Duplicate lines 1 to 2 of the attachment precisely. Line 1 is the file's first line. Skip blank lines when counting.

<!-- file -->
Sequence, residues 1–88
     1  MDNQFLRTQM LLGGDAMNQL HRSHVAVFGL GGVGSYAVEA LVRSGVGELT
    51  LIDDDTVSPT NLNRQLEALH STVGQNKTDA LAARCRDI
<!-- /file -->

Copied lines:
Sequence, residues 1–88
     1  MDNQFLRTQM LLGGDAMNQL HRSHVAVFGL GGVGSYAVEA LVRSGVGELT